Grades can also play a useful role in helping you decide what you want to try when you travel to a new area. In order to find the appropriate challenge that you are looking for in a climb, it’s helpful to sort through the hundreds of climbs that may be in an area based on their grade. However, it’s important to remember that you could find what you are looking for on climbs of different grades as well, due to it being soft, sandbagged, your anti-style, perfectly your style, or whatever! (Also, “soft” climbs being a negative thing is another rant that I would like to go on… It’s impossible to not have soft climbs. There are only 17 numbers on our bouldering grade scale, but there are more than 17 levels of difficulty. This means that climbs of slightly different difficulties have to share the same number. When we create a culture that looks down on “soft” climbs, then we miss out on enjoying the challenge of that climb. Call it a soft V10 or a stout V9, and it’s still a challenge for me. Don’t make me feel bad about the former and not the latter; it’s the same damn climb.)

     I also agree that it is really exciting to break into new grade ranges, however, I think we all need to be careful how much weight we put on the number part of the accomplishment. For all you nerds out there, let’s look at the statement, “If you break into a new grade, then it is an accomplishment” (if p, then q).  Now, if this were true, then the contrapositive would also be true “If it is not an accomplishment, then you didn’t break into a new grade” (if ¬q, then ¬p). This is where the problem is easy to see- Is the Racist not a sign of progression for me, because I had already sent two 14a’s before sending it? Absolutely not, The Racist was extremely challenging for me, and I had to overcome a lot of mental and physical barriers in order to send the climb. It was a huge sign of progression in my climbing, even if the grade does not say it. It’s easy to take some real life meaning out of the argument against the contrapositive statement (Right? I’m telling you to be proud of hard work you put into any project, no matter what the grade is. I think we can all relate to this to some degree). However, the difficult part of this is now accepting that because the contrapositive is not true, this means the original statement is not true. It CAN be true, but it is not ALWAYS true. 

     Sometimes, sending a new grade goes hand in hand with working hard to become a better climber in some way, but this is not always the case. It’s really easy to mix up progression (becoming a better climber) with results (sending a harder grade), and this can actually be the reason you aren’t improving as effectively as you could be. If you are constantly choosing projects in your style due to the attractive large number associated with them, then you are subjecting yourself to a narrowing window of long-term success. You can only break into so many grades, and if you only do so in one particular style, then you are limiting the number of climbs that you have to choose from. In fact, I would argue that it’s a blessing in disguise to find a project that is “below” your usual projecting level, because this is probably an indicator of a style that you are weaker at. (Please note: “below” is in quotations because the number might be less than your usual projecting grade… but a project is a project, so in that sense it is at your projecting level). If you can reframe your view of success to include climbs like this, then you will work hard to send climbs of all different styles and all different grades, which will ultimately lead to more long-term improvement as a climber in many different styles. 

Kerry Scott sending the classic "Free Willy" in Hueco Tanks. Photo by Nick Bradley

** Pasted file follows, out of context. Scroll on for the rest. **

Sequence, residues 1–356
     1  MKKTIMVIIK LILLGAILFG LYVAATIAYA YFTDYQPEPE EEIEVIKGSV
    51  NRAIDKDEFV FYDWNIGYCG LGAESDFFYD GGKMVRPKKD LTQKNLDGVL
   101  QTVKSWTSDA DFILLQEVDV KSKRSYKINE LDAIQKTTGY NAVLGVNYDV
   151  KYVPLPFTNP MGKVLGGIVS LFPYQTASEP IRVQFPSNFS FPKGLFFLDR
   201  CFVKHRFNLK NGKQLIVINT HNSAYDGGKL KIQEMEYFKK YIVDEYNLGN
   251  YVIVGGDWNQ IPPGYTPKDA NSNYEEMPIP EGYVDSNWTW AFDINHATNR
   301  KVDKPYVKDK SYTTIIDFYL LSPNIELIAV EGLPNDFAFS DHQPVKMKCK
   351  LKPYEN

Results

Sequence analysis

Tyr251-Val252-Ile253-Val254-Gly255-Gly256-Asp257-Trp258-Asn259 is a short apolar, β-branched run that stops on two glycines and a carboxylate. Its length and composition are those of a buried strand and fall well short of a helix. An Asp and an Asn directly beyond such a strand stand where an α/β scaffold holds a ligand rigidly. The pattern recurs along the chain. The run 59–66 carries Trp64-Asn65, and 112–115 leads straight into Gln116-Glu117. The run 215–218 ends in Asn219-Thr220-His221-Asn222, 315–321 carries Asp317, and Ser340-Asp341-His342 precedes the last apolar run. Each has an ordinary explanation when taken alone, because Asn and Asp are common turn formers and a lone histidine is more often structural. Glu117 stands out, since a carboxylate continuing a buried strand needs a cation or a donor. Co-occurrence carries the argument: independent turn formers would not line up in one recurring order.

My 100 Boulders goal is my current attempt to reframe my view of my own success, because I don’t always get it right. My ego has gotten in the way of my climbing many times before, and I’m sure it will again in the future. Before I sent my first V10, I went on bouldering trips where I was hyper-focused on sending a double-digit boulder. I passed up trying lots of classics, in order to save my energy for the “right” climbs. When I made my 100- boulders goal, all of a sudden I was motivated to get on climbs of all different grades. I tried many climbs of lower grades that I found interesting and challenging. My old self would have struggled with the idea of projecting climbs that I deemed to be below my level, but my new self discovered that it actually just opens up way more climbs that I get to project. Not only that, the first bouldering trip I went on with this mindset (aided by my 100 Boulders goal), was also the one where I sent my first V9 and my first V10. Had I continued to be hyper-focused on double-digit boulders, I would have missed out on an opportunity to learn from climbs of different grades and grow as a climber, I would have missed out on climbing a lot of really fun climbs of lower grades, and honestly, I probably would have missed out on sending my first V9 and V10. 

     There are many layers to what it means to be successful and to progress as a climber. The easy thing to do is assume a one-to-one correlation between progressing as a climber and sending new grades. It’s much harder to define your own progress outside of grades, and it’s super hard to confront the possibility that larger numbers don’t necessarily reflect progress. We should be aware that grades can consciously or unconsciously dictate a lot of our choices. The value in sending a project comes from starting on something that is too hard for you, and seeing it through to the end- no matter what the grade is. You could miss out on something valuable if you’re limiting yourself to climbs that have a certain number attached to them.


     So yes, back to my first paragraph, I am 100% contradicting myself. To me, not posting grades on social media is a reminder to myself to not get so caught up in it. It’s not that I don’t see the value in them. It’s not that breaking into new grades isn’t cool. It’s not that climbing hard climbs isn’t noteworthy. It’s not even an attempt to get other people to stop posting about them as well (I’m just as guilty of being curious of how hard a climb that my friend sent is). It’s simply an effort to look at climbs as more than their grades, be conscious of how those grades affect our decisions, and remember that the story behind the climb is way more interesting than the number.